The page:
The principal obstacle to a unanimous court in United States v. LaSalle National Bank, 437 U.S. 298, 98 S.Ct. 2357, 57 L.Ed.2d 221 (1978), was the majority's implicit recognition that a fully prophylactic rule defining the line between legitimate and illegitimate exercise of civil investigative authority would tempt overmuch the tax man to dissemble, if not downright manipulate and lie, thereby making the court an unwitting collaborator in the practice of abusing the civil process to obtain criminal prosecutorial ends. The essence of what the dissent found objectionable in the majority opinion is found in the majority's statement:


(w)ithout doubt, this burden is a heavy one. Because criminal and civil fraud liabilities are coterminous, the Service rarely will be found to have acted in bad faith by pursuing the former. On the other hand, we cannot abandon this aspect of the good-faith inquiry altogether. We shall not countenance delay in submitting a recommendation to the Justice Department when there is an institutional commitment to make the referral and the Service merely would like to gather additional evidence for the prosecution. Such a delay would be tantamount to the use of the summons authority after the recommendation and would permit the Government to expand its criminal discovery rights. Similarly, the good-faith standard will not permit the IRS to become an information-gathering agency for other departments, including the Department of Justice, regardless of the status of criminal cases.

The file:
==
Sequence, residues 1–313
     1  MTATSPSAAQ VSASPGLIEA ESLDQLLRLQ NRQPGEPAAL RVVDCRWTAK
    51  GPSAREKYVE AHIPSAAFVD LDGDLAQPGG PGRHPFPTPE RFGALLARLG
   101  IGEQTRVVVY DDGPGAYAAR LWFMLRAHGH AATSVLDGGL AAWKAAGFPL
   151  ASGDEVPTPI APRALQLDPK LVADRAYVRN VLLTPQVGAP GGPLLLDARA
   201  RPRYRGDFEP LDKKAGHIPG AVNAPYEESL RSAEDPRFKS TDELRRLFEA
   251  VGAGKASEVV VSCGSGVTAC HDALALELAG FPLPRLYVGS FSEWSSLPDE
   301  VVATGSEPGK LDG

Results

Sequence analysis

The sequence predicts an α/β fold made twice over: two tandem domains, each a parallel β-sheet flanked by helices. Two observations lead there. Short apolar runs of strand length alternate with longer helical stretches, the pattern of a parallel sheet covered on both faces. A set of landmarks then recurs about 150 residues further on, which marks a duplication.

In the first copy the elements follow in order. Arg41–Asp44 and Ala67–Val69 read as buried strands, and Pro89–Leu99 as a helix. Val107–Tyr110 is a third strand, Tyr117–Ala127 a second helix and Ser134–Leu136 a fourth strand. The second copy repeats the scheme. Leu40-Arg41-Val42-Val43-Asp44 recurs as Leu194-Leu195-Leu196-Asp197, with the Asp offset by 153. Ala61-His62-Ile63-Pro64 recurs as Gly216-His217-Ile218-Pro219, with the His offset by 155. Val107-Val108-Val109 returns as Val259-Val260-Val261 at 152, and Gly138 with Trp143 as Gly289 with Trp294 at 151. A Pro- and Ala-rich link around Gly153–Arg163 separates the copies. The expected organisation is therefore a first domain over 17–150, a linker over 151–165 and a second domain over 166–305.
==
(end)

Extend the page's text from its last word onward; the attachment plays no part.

437 U.S. at 316-17, 98 S.Ct. at 2367-2368 (1977) (footnotes omitted).


The dissent found the effects of discovery (obviously made relevant by the majority opinion) fraught with potential for unjustified delay. The majority had no occasion to catalog for us the details of how to strike the balance between the tax man's temptation to dissemble and the taxpayer's temptation to delay. By permitting most of the taxpayer's permissible discovery to be delayed until the one hearing which must be held anyway, the principal device for preventing unreasonable delay already has been implemented. United States v. Harris, 628 F.2d 875 (5th Cir. 1980). At that time and place, I would err more on the side of requiring the tax man to disclose the fact of contact with law enforcement agencies than on the side of permitting him to withhold that information. Disclosing that there has been contact between criminal authorities and civil tax collectors is more likely to compromise legitimate criminal purposes in the imagination than in fact. The frequency and time sequence in which those contacts have been made, together with information already revealed, gives a fairer opportunity to discern whether the court should go further in checking the possibility of dissembling.